i think most helpful for me was the section on "framing stories". as is often true of brian's writing, this section put words to things i kinda understood (somewhat understood, partially understood), but didn't have a good way of articulating, even to myself; and, then, he added to that thinking, or pushed my thinking further. brian makes an interesting case for how the framing stories in jesus' time should shed light for us today on how to read his life and message, and how our own framing stories need to be acknowledged and partially (?) deconstructed.

    it's not a skimmer. you gotta read the whole thing. if you're one of those who would rip on brian for the above fictional sentence about water, you'll find plenty here, i'm sure, to fuel your fire. but for those of us who read with a desire to live openly, believing that god will reveal truth to us from both likely and unlikely sources, i fully expect god to stir your pot.

    thanks, brian....more info
  • Disappointed
    I purchased this book and read it cover to cover and must say that I wish that I had waited until it came to our library system. First of all, if I see the words "framing" and "story" used together again in a sentence, I will probably go mad. Although the author is obviously intelligent and this book is written more as a psuedo-textbook than a regular work (it even has discussion questions at the end of each chapter) it is very ambiguous in some places. It is as if the author forgets that he is writing to a general audience (or does he) and addresses the text to other educated elites like himself. Through the book it seems like he wants to destroy the old notions of Christianity, as he incessantly berates those who disagree with his ideas of what Christianity should be, and rebuild Christianity in the new "Emerging Church" image.
    That said, I do agree with some of his ideas. All in all I gave this book one star because it was a very tiring read and I really didn't learn anything new about Christianity in general. The author needs to seek counseling for the white guilt he has acquired, most likely, in college. I wish that I could return this book to where I purchased it for my money back. ...more info
  • I agree with this book's author!
    I agree with this book's author! I am very pleased to see that there are some Christians who care about making the world we are living in a better place. Like Brian McLaren, I don't approve of Christians who don't care about how bad the world we are living in is, as long as they go to Heaven when they die. I find it very ironic that George W. Bush has shown no evidence of caring about the rich getting richer only at the expense of the poor getting poorer, or any other quality of life issues when he is a Christian (or at least claims to be). It is even more ironic that North America's conservative Christians have generally been among the strongest supporters of right-wing governments when right-wing governments, although more strongly against sex-related sins than left-wing ones, have not shown any evidence of caring about greed-related sins, and have, in fact, even been promoting them. Personally, I used to be a strong supporter of conservative governments myself, but in recent years, I have been having second thoughts about them. ...more info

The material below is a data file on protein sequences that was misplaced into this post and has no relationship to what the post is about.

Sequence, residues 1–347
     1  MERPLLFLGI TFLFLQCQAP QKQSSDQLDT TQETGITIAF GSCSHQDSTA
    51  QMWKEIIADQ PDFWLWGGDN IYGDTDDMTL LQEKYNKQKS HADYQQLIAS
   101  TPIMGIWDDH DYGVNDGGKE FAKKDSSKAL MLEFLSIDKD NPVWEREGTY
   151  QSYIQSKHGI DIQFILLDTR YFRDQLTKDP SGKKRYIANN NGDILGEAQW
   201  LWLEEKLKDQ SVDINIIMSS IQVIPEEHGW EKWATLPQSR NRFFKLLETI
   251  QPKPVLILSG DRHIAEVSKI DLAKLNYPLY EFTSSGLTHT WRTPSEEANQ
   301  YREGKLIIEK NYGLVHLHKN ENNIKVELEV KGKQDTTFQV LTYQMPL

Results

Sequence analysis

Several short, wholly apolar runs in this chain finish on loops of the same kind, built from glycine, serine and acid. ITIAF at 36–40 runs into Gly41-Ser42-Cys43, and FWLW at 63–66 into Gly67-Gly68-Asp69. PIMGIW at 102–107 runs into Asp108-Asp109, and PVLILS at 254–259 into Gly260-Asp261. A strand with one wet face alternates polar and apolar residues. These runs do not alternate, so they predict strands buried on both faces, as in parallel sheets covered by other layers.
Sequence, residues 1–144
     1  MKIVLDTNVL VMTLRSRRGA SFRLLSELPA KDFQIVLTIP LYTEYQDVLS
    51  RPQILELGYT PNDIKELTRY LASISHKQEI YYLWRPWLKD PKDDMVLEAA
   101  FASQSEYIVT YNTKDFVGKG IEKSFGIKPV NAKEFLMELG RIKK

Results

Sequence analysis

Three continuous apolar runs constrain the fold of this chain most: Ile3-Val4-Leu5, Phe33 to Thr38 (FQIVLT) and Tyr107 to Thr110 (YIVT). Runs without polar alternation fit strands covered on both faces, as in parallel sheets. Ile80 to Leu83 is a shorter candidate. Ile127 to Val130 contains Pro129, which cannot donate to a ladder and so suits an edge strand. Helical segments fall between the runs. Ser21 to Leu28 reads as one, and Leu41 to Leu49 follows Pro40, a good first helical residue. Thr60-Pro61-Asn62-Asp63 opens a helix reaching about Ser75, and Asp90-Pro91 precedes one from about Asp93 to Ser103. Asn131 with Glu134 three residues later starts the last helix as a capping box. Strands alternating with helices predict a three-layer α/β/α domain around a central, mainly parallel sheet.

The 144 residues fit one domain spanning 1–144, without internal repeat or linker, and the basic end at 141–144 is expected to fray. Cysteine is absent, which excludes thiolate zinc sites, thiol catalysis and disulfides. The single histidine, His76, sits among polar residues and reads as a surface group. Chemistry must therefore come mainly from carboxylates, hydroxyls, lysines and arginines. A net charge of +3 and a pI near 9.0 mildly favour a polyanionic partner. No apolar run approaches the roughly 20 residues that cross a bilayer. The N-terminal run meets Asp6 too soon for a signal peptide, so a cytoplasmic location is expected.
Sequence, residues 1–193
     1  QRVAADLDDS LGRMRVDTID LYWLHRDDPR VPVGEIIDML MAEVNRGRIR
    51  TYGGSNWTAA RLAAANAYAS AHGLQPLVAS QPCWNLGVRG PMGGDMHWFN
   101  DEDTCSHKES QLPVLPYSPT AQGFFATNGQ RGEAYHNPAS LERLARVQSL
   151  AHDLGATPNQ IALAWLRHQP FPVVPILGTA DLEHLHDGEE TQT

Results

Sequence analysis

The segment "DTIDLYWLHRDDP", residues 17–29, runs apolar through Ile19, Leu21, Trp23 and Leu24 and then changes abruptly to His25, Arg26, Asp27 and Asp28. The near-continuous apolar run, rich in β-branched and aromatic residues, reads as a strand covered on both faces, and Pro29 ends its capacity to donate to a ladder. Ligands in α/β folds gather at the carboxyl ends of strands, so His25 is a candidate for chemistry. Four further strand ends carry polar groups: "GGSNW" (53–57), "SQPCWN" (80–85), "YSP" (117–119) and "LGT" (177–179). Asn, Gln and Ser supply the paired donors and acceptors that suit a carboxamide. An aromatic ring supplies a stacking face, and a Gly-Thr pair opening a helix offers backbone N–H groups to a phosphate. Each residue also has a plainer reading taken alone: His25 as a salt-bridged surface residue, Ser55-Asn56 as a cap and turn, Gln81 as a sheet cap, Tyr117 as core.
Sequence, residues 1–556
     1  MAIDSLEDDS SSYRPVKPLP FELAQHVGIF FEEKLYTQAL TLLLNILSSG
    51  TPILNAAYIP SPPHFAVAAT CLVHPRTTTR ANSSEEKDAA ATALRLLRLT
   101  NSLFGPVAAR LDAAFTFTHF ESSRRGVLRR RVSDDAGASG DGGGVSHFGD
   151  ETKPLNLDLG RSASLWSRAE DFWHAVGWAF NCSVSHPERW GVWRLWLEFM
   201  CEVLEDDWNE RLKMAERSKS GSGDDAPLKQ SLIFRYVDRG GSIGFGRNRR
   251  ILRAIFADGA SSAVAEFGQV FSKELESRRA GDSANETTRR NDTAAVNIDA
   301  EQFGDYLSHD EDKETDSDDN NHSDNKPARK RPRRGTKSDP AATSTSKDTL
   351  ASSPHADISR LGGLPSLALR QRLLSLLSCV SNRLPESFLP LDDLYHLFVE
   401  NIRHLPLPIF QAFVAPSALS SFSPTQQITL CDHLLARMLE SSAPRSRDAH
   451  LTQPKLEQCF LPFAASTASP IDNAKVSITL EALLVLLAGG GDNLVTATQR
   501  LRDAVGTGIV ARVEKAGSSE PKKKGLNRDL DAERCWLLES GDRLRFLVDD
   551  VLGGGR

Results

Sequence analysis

• Don't fear the bad reviews!
    When Jesus came to earth, most people either followed Him or decided He had to die. That was the radical nature of His message in their culture. Likewise, you cannot dissect and apply His message to our own culture without inciting similar reactions. I see Brian McLaren as more philosopher than theologian. Theologians answer the important questions; philosophers ask them. The problem with many Christians (or religious people) is they feel they must condemn anything they don't 100% agree with. That's what killed the prophets, both ancient and contemporary. They asked dangerous and status-threatening questions. Thank you Brian, for asking the important questions that most of Chistendom is not asking (i.e. what does our faith have to say about the world's most important crises?) ...more info
  • One of the most important books I've ever read
    McLaren has presented an extremely well-researched and clear overview of the gravest issues in the world today, and what followers of Christ should be doing about them. THis book is eye-opening and hopeful, frightening and empowering. It has changed my life, and I bought 5 more copies to share with others....more info